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Statistical and Functional Studies Identify Epistasis of Cardiovascular Risk Genomic Variants From Genome-Wide Association Studies

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Original languageEnglish
Pages (from-to)e014146
JournalJournal of the American Heart Association
Issue number7
Publication statusPublished - 7 Apr 2020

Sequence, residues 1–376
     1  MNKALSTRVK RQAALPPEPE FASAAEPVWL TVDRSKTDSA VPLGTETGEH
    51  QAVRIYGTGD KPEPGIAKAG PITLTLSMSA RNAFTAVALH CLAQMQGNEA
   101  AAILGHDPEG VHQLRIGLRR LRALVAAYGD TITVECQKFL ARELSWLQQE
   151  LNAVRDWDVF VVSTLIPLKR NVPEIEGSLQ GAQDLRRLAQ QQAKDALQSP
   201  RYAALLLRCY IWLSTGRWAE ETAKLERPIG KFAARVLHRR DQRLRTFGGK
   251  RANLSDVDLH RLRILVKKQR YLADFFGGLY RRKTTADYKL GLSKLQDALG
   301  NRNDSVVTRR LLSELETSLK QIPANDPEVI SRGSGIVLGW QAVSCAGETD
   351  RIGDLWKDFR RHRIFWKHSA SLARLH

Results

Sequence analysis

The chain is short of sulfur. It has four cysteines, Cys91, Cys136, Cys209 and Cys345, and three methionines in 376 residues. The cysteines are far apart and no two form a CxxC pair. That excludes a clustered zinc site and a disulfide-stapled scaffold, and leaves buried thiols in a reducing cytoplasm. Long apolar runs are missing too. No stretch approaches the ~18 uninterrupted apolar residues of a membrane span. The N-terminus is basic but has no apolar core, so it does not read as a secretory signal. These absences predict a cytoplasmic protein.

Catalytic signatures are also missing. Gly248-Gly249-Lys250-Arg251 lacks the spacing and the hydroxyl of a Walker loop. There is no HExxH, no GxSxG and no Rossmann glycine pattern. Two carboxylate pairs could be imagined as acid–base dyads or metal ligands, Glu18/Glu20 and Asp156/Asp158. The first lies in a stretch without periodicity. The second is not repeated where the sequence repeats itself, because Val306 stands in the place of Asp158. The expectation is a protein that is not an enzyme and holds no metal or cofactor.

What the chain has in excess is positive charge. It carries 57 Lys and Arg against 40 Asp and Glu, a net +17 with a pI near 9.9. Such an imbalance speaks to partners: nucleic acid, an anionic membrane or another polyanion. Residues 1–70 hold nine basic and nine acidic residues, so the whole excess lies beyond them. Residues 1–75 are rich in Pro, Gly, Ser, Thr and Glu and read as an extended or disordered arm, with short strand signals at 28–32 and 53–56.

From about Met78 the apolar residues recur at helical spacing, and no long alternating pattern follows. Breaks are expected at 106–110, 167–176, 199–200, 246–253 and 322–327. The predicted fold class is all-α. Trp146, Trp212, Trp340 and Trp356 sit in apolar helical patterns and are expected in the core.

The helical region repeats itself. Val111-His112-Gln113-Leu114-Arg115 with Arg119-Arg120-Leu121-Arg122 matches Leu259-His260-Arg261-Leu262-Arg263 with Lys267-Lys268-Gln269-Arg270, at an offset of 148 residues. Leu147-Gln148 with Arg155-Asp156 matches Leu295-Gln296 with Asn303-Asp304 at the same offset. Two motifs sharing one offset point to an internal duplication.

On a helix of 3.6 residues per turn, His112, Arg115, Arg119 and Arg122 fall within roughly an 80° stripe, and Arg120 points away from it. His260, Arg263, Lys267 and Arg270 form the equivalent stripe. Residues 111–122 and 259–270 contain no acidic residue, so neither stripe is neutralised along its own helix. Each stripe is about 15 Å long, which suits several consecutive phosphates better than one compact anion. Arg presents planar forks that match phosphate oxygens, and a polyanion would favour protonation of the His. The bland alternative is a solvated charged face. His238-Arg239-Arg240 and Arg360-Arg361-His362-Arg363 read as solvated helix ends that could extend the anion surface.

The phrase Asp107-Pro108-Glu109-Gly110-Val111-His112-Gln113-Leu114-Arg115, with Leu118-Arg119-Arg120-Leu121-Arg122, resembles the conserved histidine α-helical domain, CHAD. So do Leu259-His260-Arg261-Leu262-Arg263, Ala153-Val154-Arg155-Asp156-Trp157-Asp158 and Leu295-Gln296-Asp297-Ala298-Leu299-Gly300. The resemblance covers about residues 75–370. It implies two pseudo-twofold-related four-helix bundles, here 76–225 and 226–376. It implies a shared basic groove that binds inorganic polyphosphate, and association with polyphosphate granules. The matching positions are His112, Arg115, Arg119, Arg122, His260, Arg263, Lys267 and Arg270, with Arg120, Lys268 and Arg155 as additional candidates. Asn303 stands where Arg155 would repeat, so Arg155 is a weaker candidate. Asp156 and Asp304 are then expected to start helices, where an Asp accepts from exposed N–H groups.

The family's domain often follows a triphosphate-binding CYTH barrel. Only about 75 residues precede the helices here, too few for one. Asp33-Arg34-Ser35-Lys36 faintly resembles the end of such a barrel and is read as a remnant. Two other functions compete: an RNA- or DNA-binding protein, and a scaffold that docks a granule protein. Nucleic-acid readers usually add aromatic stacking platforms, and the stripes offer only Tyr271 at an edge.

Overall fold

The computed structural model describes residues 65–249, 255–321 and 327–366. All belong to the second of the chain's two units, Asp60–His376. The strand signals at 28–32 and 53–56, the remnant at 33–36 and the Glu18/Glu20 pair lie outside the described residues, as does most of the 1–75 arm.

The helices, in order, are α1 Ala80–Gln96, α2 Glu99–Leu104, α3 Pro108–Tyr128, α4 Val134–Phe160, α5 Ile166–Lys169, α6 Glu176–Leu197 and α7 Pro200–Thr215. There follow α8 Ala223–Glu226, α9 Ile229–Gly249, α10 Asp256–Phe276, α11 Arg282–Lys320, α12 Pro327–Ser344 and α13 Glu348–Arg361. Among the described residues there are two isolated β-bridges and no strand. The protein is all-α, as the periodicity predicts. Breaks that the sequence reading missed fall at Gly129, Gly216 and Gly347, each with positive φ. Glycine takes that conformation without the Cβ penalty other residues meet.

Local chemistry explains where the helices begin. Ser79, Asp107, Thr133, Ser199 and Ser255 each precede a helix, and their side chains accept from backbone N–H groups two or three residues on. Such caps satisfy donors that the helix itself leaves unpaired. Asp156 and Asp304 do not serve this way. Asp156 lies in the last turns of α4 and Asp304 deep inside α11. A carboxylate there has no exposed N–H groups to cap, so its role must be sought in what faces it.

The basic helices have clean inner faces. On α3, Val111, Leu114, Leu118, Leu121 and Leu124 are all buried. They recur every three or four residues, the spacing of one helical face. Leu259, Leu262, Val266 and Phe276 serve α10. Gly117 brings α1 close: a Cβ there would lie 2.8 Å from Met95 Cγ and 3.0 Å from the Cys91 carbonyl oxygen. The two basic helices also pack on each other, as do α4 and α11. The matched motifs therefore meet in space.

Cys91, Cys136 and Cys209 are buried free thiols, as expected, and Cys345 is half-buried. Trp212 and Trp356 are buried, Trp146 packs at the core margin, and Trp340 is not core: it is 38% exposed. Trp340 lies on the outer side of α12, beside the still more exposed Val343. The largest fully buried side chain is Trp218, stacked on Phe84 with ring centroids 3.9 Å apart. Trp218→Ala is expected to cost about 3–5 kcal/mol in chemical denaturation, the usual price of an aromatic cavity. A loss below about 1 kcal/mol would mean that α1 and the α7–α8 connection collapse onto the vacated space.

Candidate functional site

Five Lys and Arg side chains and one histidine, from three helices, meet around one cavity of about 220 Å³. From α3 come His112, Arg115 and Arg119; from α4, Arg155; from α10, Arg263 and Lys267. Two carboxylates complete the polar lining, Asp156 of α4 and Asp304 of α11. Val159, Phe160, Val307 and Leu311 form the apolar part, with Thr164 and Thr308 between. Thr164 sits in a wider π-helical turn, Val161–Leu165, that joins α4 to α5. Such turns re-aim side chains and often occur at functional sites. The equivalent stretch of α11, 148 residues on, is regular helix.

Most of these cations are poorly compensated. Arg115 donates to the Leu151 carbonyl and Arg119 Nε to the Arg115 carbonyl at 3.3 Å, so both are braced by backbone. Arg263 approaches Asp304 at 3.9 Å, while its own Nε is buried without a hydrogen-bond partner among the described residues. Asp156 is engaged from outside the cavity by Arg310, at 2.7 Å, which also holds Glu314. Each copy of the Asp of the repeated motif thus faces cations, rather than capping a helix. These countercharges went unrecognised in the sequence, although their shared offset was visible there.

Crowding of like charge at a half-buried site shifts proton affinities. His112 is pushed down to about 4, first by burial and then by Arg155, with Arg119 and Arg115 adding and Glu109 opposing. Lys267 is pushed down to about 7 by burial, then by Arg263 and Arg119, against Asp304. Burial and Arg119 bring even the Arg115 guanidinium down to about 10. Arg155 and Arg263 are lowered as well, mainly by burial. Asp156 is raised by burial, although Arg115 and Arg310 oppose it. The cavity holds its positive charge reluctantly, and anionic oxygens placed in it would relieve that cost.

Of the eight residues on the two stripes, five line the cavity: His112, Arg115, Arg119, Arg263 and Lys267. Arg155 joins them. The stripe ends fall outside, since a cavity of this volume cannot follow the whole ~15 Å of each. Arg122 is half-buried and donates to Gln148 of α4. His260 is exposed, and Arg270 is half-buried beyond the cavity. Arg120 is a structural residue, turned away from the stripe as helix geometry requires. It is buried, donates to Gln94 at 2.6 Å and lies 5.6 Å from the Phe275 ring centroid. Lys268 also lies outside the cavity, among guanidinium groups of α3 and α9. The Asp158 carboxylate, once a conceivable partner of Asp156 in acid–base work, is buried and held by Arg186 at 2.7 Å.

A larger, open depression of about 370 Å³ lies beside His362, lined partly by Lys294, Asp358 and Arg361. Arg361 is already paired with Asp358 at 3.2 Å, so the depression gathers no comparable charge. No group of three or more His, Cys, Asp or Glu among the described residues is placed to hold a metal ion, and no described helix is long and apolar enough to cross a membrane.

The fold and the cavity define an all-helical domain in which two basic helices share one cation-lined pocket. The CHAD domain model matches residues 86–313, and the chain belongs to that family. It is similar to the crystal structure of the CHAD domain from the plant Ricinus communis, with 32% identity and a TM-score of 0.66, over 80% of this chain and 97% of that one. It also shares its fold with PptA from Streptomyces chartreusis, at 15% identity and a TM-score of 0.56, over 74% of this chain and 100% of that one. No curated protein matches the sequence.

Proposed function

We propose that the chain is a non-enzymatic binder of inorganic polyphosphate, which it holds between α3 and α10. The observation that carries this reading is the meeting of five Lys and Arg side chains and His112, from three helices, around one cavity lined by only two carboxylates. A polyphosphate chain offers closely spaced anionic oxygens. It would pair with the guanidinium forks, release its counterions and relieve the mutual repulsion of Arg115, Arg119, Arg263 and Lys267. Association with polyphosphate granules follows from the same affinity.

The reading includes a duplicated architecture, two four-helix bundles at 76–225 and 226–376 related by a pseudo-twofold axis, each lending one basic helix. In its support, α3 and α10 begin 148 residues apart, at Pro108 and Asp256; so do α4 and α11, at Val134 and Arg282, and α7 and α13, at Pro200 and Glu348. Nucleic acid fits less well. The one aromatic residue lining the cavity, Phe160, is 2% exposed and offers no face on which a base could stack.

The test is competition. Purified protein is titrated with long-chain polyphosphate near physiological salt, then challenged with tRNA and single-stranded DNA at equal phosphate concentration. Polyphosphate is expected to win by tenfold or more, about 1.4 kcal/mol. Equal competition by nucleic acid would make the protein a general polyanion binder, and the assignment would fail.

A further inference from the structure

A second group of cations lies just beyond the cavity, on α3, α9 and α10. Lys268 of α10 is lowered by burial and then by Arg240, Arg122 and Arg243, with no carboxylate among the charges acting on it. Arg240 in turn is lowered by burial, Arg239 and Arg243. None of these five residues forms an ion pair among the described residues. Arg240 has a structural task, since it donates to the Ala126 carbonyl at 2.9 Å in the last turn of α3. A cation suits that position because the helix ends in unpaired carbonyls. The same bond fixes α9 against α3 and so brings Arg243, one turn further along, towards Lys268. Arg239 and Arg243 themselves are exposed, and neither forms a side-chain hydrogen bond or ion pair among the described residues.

Background Epistasis describes how gene-gene interactions affect phenotypes, and could have a profound impact on human diseases such as coronary artery disease (CAD). The goal of this study was to identify gene-gene interactions in CAD using an easily generalizable multi-stage approach. Methods and Results Our forward genetic approach consists of multiple steps that combine statistical and functional approaches, and analyze information from global gene expression profiling, functional interactions, and genetic interactions to robustly identify gene-gene interactions. Global gene expression profiling shows that knockdown of ANRIL (DQ485454) at 9p21.3 GWAS (genome-wide association studies) CAD locus upregulates TMEM100 and TMEM106B. Functional studies indicate that the increased monocyte adhesion to endothelial cells and transendothelial migration of monocytes, 2 critical processes in the initiation of CAD, by ANRIL knockdown are reversed by knockdown of TMEM106B, but not of TMEM100. Furthermore, the decreased monocyte adhesion to endothelial cells and transendothelial migration of monocytes induced by ANRIL overexpression was reversed by overexpressing TMEM106B. TMEM106B expression was upregulated by >2-fold in CAD coronary arteries. A significant association was found between variants in TMEM106B (but not in TMEM100) and CAD (P=1.9×10-8). Significant gene-gene interaction was detected between ANRIL variant rs2383207 and TMEM106B variant rs3807865 (P=0.009). A similar approach also identifies significant interaction between rs6903956 in ADTRP and rs17465637 in MIA3 (P=0.005). Conclusions We demonstrate 2 pairs of epistatic interactions between GWAS loci for CAD and offer important insights into the genetic architecture and molecular mechanisms for the pathogenesis of CAD. Our strategy has broad applicability to the identification of epistasis in other human diseases.

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